Mastering the artisanal transformation of volcanic rock into contemporary design
Enhancing the natural essence of lava with an aesthetic that breaks from tradition, Ranieri discovers the unexpressed potential of its unique material composition
Ranieri – a Campania-based company mastering the artisanal transformation of volcanic rock into the highest contemporary expressions of art, architecture and interior design – attended EDIT Napoli 2023 with A Matter Of Perspectives.
Its new creative directors Francesco Meda and David Lopez Quincoces beautifully put together a striking site-specific installation for this renowned international design fair, as part of the CULT program.
Open to the public from 6th to 8th October, it was showcased at Santa Maria La Nova – a Roman Catholic Renaissance-style church and monastery, now deconsecrated, in the beating heart of Naples.
Sitting right at the bottom of the Vesuvius and led by Giovanni Ranieri, this company’s products innovatively vary from coverings for both outdoor and indoor environments to collaborations with companies and realities in the luxury sector, resulting in custom-made projects.
It all began with a depth of knowledge acquired from a century-old family history in the treatment of volcanic rock and from the dexterous craftsmanship of Campania that Ranieri coined an ideal union between the hand of man and industrial production, allowing it to work on large-scale projects while maintaining a sartorial approach.
Their chef d’œuvre may be conceived as a symbolic invitation to conviviality, entirely crafted of lava stone – this precious material formed by the rapid cooling of volcanic magma emerging on the earth’s surface shows off a new face thanks to a novel treatment, it praises its inimitable natural composition instead of hiding it.
At first driven by a desire to celebrate local belonging, the creative directors were inspired by Ranieri’s home, the Campania region and Santa Maria La Nova was chosen as a hidden historic Neapolitan gem, unknown to most.
Here, in its cloister and refectory, the tale of lava stone was revealed.
“Ranieri steps into a new chapter, aimed at ennobling the natural essence of lava stone and we propose a bold, experimental interpretation, treating the stone as no one has ever done before. Attending EDIT Napoli 2023 with A Matter Of Perspectives as part of the CULT program, gave us the opportunity to celebrate our close relationship with the Campania region. The story of our new lava is now told in a context where design is appreciated as a cultural element!” shares Giovanni Ranieri.
At Santa Maria La Nova’s cloister one was welcomed by A Matter Of Perspectives – an installation referring to Ranieri’s imagery of lava rock, decrypted in Stefano Galuzzi’s photoshoot.
In the inner courtyard, two mountains of crushed lava rock dust are accompanied by compositions of volcanic stone slabs displayed as sculptural elements, with imperfect finishes.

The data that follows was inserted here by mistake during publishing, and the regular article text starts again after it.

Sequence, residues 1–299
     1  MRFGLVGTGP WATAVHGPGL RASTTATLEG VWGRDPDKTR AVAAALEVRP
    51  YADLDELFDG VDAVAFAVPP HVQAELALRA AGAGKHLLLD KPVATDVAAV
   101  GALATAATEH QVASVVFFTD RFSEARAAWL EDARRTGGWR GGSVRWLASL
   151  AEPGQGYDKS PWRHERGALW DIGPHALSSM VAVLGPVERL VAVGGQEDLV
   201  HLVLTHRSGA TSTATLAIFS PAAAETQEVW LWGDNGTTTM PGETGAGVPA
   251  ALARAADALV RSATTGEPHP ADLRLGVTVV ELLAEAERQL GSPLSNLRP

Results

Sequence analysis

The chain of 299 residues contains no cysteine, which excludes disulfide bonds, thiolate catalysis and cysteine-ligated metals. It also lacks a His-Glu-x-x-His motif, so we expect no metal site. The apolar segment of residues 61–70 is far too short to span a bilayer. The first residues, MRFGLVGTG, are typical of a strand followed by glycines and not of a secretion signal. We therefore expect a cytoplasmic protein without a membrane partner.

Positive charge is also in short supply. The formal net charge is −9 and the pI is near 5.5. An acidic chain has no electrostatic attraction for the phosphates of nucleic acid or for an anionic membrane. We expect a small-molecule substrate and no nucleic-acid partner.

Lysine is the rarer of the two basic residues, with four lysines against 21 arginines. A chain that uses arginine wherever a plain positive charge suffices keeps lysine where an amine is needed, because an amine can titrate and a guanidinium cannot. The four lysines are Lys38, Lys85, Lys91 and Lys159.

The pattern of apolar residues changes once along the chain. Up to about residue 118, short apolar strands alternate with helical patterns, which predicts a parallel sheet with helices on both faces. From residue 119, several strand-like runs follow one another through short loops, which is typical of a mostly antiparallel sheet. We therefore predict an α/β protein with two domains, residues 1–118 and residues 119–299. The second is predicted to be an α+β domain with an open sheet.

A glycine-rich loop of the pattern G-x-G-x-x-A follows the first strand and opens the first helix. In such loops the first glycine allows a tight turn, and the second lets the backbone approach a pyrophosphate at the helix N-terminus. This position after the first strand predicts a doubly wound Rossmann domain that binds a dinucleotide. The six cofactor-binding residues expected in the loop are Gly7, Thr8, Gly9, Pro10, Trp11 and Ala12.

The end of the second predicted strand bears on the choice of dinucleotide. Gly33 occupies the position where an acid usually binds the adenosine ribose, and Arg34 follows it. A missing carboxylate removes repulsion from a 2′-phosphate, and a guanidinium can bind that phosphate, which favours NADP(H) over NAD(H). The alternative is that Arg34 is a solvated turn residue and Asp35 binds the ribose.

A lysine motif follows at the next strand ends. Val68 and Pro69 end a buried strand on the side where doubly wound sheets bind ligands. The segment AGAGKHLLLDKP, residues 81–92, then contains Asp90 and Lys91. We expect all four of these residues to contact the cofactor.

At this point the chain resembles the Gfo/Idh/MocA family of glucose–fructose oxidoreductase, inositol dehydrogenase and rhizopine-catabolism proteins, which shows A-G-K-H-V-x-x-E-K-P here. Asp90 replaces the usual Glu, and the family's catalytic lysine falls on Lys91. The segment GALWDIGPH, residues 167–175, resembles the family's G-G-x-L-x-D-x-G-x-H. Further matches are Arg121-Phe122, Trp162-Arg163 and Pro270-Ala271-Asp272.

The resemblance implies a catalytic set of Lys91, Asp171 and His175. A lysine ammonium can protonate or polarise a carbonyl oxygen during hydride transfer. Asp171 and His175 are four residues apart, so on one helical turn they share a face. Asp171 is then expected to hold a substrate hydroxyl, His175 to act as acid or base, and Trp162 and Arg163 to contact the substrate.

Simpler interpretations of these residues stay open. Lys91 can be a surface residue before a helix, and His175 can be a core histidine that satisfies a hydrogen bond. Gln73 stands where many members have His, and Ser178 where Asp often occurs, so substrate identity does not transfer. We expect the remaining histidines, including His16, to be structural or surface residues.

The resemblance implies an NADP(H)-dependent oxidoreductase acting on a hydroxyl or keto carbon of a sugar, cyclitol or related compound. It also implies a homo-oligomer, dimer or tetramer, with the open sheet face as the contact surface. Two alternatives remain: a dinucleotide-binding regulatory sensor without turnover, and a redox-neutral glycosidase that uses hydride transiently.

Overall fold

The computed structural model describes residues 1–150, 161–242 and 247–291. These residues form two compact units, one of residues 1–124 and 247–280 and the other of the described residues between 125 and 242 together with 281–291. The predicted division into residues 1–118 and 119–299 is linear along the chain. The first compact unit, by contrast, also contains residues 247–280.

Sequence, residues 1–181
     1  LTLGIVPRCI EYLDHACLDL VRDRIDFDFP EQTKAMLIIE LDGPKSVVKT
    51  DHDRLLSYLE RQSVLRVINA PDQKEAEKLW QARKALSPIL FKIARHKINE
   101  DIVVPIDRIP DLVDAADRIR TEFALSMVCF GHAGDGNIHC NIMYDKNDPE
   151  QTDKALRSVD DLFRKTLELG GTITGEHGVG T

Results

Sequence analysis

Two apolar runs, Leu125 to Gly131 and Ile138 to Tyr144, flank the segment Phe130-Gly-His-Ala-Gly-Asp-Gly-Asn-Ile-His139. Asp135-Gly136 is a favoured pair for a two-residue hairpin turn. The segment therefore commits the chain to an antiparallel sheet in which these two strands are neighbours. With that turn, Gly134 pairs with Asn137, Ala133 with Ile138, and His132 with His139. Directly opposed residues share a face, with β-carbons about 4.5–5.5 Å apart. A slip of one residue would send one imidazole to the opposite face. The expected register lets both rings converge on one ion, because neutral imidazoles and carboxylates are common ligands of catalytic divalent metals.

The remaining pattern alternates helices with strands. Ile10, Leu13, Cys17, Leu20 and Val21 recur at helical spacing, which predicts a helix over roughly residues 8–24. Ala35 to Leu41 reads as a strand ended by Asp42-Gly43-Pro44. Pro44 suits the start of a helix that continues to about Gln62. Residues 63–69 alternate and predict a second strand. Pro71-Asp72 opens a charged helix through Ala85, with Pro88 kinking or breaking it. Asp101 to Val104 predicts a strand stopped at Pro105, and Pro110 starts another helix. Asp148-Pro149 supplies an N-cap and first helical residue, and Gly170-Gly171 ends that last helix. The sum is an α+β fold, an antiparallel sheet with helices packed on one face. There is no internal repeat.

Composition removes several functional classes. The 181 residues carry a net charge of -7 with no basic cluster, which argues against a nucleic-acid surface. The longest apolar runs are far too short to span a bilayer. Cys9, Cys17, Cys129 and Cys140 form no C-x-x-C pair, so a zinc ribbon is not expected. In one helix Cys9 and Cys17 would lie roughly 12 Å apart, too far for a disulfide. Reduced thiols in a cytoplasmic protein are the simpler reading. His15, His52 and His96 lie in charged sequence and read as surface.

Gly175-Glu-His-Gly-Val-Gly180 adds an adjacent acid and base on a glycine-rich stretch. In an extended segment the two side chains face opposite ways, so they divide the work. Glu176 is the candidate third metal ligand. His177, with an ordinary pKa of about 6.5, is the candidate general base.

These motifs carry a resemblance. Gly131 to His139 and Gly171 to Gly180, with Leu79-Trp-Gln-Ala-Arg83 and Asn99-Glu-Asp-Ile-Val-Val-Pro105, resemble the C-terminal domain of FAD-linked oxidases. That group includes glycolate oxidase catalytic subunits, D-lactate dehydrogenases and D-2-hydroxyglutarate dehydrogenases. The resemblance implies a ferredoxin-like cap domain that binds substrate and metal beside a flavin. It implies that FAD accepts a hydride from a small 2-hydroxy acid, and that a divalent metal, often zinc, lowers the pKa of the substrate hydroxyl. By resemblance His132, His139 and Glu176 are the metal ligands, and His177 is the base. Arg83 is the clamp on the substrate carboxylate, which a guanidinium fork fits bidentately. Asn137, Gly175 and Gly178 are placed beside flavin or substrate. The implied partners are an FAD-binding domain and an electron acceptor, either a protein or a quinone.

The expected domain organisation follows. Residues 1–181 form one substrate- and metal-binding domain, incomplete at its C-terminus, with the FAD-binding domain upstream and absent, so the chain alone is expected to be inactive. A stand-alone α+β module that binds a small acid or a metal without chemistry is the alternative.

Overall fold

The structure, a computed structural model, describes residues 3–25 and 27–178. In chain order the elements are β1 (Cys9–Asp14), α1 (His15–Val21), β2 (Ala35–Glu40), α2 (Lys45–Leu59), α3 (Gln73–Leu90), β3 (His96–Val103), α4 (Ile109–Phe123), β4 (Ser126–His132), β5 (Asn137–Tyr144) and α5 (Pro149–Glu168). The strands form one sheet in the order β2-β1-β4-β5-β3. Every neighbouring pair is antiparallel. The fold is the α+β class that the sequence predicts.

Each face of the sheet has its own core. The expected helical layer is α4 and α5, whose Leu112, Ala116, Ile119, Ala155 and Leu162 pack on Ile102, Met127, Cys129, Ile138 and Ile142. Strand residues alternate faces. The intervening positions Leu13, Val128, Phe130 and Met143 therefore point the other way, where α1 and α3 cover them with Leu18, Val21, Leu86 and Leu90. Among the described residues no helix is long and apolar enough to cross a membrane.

An invitation to discover the rich world of lava stone up close, by entering the courtyard and approaching the installation, or from afar, by observing it from the portico.
The portico’s perimeter houses a 10-meter volume material library displaying Ranieri’s singular finishes, including Odissea – the new 2D and 3D collection of elements, also signed by the new creative directors.
From dust to product, from raw material to final processing, from the encounter of nature with the hand of man, the whole project effortlessly enhances the beauty of imperfection.
Additionally, the second part of the exhibition was located in Santa Maria La Nova’s refectory, adorned with an impressive 16th-century fresco painting – here, Meda and Lopez Quincoces played with light to seamlessly set up a theatrical performance. The only character and master of the room was an eclectic but one-of-a-kind 17-meter table made of volcanic stone, fully expressing the potential of lava.
A solid base held a top with overhanging ends, giving the composition an atmospheric allure and they further chose a crystalline green finish – an unusual hue and Ranieri’s most representative shade.
Around the table, a series of stools entirely created of lava stone completed the composition and when placed next to each other, they looked like a single black block with a lacquer finish.
When separated, however, they revealed sides with apparent movement and fluidity thanks to Zest Lava – one of Ranieri’s most interesting finishes in burgundy and golden brown shades.
“We wanted to embody a moment of conviviality, to narrate a project with both aesthetic and functional characteristics. The public was invited to discover the natural material and to interact with it.
We conceived the installation with the idea that it could be repeated in other places and contexts, giving it a longer and more multifaceted life. That is why we chose an elementary, almost primitive, neutral and universal language – we talk less about design and more about material.
We decided to create in respect of the material without prevailing, just as Ranieri conceived its own treatment of lava stone!” Meda and Lopez Quincoces conclude.